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It seems as though not a month goes by without news of a massive cybersecurity breach occurring at a large company. Sony Corp., Target Corp., eBay Inc. are just three of the companies that have had their customers' personal information stolen over the past few years, and the number of companies that will experience an attack is likely to rise. According to tech security company Symantec Corp., there was a 62-per-cent increase in the number of breaches in 2013 across the globe. So what can companies do? Should they even bother fighting these attacks or should they resign themselves to the fact that breaches will happen? We posed these questions and more to two cyberrisk experts, Claudiu Popa, president and CEO of Toronto's Informatica Corp. and Brian Rosenbaum, national director of Aon Risk Services legal and research practice.

Are cyberattacks worth fighting or is it just a cost of doing business?

Claudiu Popa: They are worth fighting, but with a process and with risk management. So you look at what the chance of certain threats occurring is, and the damage they'll do, and then you can decide whether it makes sense to accept that risk yourself. If you don't want to accept it, then move to the next stage and transfer that risk using insurance, but there's only a narrow list of things you can do that with.

Brian Rosenbaum: You're going to have difficulties transferring that risk to insurance if you're not going to invest in preventing attacks and privacy breaches. If you want to be insured, companies will have to see that you made an effort. So I think you do have to invest in security, but it's more than just that. You need to invest in governance, protocols, procedures, training and auditing.

I'd add that companies do still have regulatory compliance requirements. Companies, pursuant to our privacy laws in Canada, are required to be protected to safeguard information with security. You can't turn your back on that obligation. The act has come under fire in terms of the ability of the privacy commissioner to fine companies and we still don't have a mandatory breach notification regime, which we keep waiting for.

It does seem, though, that no matter what companies do, attacks still happen.

CP: It's a bit of a mistake to say that. Every product I can think of has a vulnerability and will fail. You can buy a doughnut and choke on it or purchase a pool liner and someone can get wrapped up in it and die. These are specific threats to safety, security and privacy that are well known to everyone under the sun. The IT world, though, deals with things that humans have trouble getting their minds around. There was a recent breach by eBay that saw hundreds of millions of accounts targeted. What does it mean to have that many customers targeted? That blows people's minds and it brings a lot of fear. The media then run away with it, rather than the marbles people choke on.

BR: While that is true, companies are still frustrated because they can never seem to get ahead. A lot of money is poured into these types of attacks. We've heard stories of organized crime being behind a lot of attacks, or even specific countries. It's deflating for companies because they're not pouring in anywhere near as much money into protection as the people who are seeking to get the info. So companies do feel defeatist to some degree.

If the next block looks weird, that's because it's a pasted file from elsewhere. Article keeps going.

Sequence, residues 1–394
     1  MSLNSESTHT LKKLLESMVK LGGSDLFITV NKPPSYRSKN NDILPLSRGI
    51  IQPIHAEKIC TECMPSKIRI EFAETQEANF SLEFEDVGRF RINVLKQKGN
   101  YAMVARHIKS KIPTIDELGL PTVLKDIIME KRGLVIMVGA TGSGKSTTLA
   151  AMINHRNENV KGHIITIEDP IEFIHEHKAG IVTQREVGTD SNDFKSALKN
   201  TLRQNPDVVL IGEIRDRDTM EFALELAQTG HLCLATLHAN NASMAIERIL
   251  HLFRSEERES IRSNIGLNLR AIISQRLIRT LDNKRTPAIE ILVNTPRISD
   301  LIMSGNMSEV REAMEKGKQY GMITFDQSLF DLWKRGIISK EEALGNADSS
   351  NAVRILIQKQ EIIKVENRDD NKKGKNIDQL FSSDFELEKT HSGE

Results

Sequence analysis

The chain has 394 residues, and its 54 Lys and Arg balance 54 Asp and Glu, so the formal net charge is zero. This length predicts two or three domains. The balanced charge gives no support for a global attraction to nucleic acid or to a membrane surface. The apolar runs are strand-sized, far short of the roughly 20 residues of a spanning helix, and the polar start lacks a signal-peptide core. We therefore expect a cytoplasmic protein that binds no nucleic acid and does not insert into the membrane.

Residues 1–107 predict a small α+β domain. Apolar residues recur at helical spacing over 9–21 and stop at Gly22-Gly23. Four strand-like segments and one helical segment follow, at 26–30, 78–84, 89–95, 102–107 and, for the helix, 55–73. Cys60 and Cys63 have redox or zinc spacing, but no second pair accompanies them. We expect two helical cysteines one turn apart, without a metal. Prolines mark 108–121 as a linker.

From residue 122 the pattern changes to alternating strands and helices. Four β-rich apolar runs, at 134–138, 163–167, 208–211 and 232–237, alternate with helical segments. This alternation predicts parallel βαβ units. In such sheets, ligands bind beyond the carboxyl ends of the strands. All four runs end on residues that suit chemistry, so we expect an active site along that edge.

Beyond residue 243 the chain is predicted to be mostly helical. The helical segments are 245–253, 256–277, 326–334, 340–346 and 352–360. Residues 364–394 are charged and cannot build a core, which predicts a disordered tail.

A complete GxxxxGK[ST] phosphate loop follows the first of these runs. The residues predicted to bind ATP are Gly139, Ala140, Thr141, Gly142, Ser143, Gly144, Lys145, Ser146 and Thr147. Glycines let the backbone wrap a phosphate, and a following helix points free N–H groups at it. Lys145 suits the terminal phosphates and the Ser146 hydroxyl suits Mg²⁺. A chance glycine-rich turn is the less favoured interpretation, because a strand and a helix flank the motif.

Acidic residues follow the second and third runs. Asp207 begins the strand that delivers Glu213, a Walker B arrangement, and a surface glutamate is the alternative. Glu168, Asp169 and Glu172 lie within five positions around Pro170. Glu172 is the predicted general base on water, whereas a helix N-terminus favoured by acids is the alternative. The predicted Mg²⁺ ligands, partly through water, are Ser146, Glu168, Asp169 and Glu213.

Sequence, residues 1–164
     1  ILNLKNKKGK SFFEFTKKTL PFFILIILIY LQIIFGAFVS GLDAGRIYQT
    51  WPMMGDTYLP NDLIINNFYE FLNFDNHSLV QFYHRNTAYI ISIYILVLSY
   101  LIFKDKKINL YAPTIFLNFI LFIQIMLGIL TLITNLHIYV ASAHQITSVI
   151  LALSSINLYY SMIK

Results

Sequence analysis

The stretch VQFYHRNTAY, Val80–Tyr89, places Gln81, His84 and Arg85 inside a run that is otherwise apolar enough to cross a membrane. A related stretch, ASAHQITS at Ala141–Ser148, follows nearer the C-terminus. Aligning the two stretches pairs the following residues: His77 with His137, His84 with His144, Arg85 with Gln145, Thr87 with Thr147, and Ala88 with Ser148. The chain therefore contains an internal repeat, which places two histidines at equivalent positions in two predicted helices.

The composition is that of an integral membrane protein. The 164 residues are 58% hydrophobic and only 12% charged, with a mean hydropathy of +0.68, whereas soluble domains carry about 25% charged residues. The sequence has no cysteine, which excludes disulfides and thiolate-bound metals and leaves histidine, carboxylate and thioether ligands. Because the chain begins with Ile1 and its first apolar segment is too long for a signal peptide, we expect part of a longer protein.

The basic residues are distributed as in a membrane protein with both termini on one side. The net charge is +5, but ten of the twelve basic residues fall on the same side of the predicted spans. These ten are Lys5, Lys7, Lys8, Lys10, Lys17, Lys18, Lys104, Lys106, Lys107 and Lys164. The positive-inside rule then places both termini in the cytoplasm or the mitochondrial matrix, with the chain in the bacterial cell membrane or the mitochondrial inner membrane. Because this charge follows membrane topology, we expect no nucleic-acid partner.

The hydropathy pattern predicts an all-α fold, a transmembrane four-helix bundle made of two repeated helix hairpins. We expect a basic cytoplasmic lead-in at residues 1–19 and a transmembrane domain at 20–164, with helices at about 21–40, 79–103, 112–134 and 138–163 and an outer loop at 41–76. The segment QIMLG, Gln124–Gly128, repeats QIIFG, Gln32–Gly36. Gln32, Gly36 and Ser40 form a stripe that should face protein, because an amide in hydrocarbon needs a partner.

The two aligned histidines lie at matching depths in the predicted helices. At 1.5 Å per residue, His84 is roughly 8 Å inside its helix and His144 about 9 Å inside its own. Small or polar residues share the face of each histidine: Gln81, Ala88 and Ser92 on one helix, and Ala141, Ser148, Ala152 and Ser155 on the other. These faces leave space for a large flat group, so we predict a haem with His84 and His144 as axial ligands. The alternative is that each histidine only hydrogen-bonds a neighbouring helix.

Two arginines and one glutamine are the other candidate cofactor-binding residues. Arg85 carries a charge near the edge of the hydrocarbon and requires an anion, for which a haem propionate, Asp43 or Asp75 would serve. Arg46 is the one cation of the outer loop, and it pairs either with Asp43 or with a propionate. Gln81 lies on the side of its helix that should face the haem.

So what can companies do to prevent attacks?

BR: I'm big on training, education and the establishment and enforcement of proper policy and procedures. A lot of companies have the technology in place, but they don't enforce security protocols. For instance, when companies encrypt devices, employees will often disengage that encryption because it's too difficult to sign on and companies are not monitoring this practice. To me, a lot of this is an educational and cultural issue within the company. Ensure employees understand how a company can be hacked into and attacked.

CP: Organizations don't bother to understand the simple concept of risk management and they try and find off-the-shelf products. Off-the-shelf products are fairly rigid and, in most cases, require proper configuration and management, and that expertise is hard to get. You end up having mismanaged product and a false sense of security and that's a lot worse than having no security at all. Companies need to build certain things into their security and follow processes, but they have to assess their risk to begin with to know what it is they need to protect against. You can't quantify risk if you don't know if you should avoid it, transfer it, minimize it or mitigate it.

Why are so many companies so far behind?

CP: It's party the legislative climate in Canada. Companies haven't been kicked in the butt to make those investments. In the States they have security legislation in place, but less privacy legislation. In Canada we have privacy, but less in the way of security. In the States you get dinged for every record you lose. Here all they can do is drag your name through the papers.

But it shouldn't be legislation that drives things anyway. It should be integrity. Companies should be demonstrating that they care enough about their customers to protect your information. It shows responsibility, accountability and integrity.

BR: The law will be a driver. It will force companies to (speak) out in all cases that could be harmful to the individual. Once companies see that these aren't isolated incidences, and that there's a chain of events that happen when there's a breach and that business can be interrupted, then they'll sit down and say, 'maybe we should invest.' So the change in law will help, but it will be a combination of factors. There are so many breaches right now and companies can't just sit back and do nothing.

Responses have been edited and condensed.